Bosnia’s Federation Entity Names New Government, But Instability Will Govern

By Anes Alic

After five months of back-and-forth negotiations following October 2010 general elections in Bosnia-Herzegovina, the new parliament and government have been named in the Bosniak and Croat-dominated Federation entity.

There has been an inability to reach a consensus at the highest levels for the distribution of ministries and key posts, and the appointment of officials to two key ministries has still not been resolved. Despite the initial progress of naming a new government and parliament, the country is poised to experience its least effective government in recent history, and possibly even early elections.

The naming of the Federation government and parliament comes at the eleventh hour and only as the risk of massive social unrest looms if a new government fails to pass its budget for this fiscal year by the end of this month. In late January, the international community’s High Representative to Bosnia Valentin Inzko imposed temporary financing for the first quarter of 2011, in lieu of a real budget. His decision expires in later this month.

The naming of the parliament and government was followed by the nearly three months of turbulent negotiations among the parties, with talks appearing to focus largely on jockeying for position and career-building rather than policy.

The Federation entity House of People’s has 58 members; however, the Croatian delegates from two parties  the Croatian Democratic Union of Bosnia and Herzegovina (HDZ) and the HDZ 1990  refused to attend the session and refused to enter the ruling coalition.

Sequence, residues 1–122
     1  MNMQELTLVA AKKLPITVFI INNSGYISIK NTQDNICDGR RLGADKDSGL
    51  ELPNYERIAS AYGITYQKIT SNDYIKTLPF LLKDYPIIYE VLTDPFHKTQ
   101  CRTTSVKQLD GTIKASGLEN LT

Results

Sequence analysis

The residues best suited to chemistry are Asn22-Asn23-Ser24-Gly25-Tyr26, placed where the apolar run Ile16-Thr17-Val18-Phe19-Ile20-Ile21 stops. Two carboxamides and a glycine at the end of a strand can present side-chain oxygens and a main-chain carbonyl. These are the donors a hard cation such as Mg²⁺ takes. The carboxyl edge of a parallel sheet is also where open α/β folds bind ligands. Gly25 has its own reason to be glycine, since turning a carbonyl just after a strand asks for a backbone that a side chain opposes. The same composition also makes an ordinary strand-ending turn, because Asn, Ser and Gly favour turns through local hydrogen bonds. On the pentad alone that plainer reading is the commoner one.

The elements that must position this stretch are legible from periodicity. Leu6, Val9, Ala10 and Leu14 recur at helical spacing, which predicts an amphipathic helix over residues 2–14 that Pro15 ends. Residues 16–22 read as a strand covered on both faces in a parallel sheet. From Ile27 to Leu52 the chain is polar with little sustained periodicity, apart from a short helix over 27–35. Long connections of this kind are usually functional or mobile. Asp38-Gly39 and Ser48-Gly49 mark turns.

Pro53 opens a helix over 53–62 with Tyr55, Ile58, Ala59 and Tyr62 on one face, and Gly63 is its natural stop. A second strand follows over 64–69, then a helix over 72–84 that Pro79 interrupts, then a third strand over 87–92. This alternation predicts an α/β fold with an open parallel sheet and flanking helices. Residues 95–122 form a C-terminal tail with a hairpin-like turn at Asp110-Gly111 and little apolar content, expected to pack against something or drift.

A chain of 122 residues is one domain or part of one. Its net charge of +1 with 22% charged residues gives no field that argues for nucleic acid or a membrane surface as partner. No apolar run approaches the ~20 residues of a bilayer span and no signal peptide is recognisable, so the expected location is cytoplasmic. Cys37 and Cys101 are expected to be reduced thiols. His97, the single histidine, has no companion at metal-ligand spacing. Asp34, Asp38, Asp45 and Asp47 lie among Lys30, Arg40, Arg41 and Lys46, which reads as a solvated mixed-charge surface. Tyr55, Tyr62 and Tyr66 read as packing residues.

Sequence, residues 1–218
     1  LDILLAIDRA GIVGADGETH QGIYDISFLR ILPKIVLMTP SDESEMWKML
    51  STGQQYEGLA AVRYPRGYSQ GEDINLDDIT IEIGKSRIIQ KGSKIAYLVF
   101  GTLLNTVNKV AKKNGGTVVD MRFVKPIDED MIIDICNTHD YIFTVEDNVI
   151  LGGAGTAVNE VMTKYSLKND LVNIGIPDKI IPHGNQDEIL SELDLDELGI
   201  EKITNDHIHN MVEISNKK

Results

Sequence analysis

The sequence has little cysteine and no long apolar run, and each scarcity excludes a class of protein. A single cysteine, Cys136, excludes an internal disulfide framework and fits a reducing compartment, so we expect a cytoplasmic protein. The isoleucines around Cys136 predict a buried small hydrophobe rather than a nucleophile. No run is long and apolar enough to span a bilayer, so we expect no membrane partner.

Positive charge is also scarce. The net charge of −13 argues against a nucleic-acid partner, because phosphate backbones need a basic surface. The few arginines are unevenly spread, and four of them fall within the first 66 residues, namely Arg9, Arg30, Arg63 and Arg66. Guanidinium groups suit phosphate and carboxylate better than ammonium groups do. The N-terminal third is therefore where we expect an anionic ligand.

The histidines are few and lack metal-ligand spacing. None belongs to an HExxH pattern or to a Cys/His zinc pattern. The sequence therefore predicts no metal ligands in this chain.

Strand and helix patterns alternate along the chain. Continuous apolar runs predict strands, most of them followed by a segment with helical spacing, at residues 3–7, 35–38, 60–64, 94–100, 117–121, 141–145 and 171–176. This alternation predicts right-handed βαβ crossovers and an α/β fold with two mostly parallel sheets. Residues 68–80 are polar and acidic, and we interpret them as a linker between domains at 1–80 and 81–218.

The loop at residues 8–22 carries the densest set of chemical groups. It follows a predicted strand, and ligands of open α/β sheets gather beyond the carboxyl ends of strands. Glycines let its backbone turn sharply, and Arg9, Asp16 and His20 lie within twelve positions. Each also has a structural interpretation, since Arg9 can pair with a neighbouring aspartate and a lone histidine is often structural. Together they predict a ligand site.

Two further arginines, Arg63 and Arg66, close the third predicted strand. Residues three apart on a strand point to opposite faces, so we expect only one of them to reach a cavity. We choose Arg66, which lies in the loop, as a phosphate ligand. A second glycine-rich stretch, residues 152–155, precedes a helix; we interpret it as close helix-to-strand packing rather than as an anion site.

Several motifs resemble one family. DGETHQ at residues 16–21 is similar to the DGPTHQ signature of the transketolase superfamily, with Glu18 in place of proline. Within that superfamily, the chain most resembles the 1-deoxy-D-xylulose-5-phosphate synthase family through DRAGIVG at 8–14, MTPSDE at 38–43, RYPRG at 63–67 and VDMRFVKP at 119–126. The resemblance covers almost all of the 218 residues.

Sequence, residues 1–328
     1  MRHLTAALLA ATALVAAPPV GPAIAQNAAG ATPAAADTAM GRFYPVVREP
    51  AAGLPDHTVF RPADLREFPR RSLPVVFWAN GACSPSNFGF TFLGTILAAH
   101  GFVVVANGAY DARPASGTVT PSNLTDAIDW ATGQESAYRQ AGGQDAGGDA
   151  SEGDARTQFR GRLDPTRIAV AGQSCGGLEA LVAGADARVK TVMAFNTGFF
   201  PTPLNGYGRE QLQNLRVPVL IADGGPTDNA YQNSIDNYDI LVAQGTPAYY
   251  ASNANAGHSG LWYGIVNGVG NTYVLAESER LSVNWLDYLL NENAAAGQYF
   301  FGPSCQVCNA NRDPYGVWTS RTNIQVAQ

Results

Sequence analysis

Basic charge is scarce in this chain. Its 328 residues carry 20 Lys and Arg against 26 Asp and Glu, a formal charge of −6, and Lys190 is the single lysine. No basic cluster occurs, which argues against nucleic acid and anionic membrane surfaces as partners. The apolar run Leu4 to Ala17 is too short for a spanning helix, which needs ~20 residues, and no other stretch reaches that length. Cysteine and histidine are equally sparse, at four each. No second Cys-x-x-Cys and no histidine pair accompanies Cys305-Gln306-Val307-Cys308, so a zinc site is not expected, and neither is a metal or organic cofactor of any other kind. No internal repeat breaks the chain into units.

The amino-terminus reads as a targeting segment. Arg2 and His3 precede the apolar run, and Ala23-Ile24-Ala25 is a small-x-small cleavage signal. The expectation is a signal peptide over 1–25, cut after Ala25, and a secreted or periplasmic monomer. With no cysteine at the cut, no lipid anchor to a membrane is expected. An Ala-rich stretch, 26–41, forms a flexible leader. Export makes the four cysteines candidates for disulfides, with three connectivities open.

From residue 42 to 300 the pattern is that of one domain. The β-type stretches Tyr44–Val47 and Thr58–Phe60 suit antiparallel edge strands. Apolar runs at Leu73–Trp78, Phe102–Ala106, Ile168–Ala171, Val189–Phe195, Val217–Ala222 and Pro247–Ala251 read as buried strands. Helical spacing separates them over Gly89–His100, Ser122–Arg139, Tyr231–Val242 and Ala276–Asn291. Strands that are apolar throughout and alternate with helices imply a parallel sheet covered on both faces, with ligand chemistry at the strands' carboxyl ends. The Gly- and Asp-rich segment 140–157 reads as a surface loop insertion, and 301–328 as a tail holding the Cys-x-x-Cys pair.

Coalition-building negotiations were held in an unpredictable atmosphere, due to the inability to reach an agreement with HDZ and HDZ 1990, which won some 60% of Bosnian Croat votes and demanded that all ministerial posts at the state and entity level reserved for Bosnian Croats be given to officials from these two parties only.

Ethno-Political Blackmail

The two parties chose to block the formation of the parliament perceiving that it is likely to be dominated by a political bloc led by the moderate, multiethnic Social Democratic Party (SDP), which could exclude Croat nationalist forces from the new government. The SDP refused to accept the HDZ’s conditions, insisting that the SDP should get two ministerial seats for Bosnian Croat SDP members, one at the entity level and one at the state level. Croat nationalist refuse to accept moderate Bosnian Croat figures in these posts, saying they do not represent real Croat interests.

When it became clear that an agreement would not be reached, the SDP-led bloc announced that it would form a new government without the two HDZ parties, while the positions and institutions reserved for Bosnian Croats would be given to the two smaller Bosnian Croat parties, the Croatian Party of Rights (HSP) and the Prosperity Through Work Party (NSRB)  even though these two parties had negligible showings at the polls.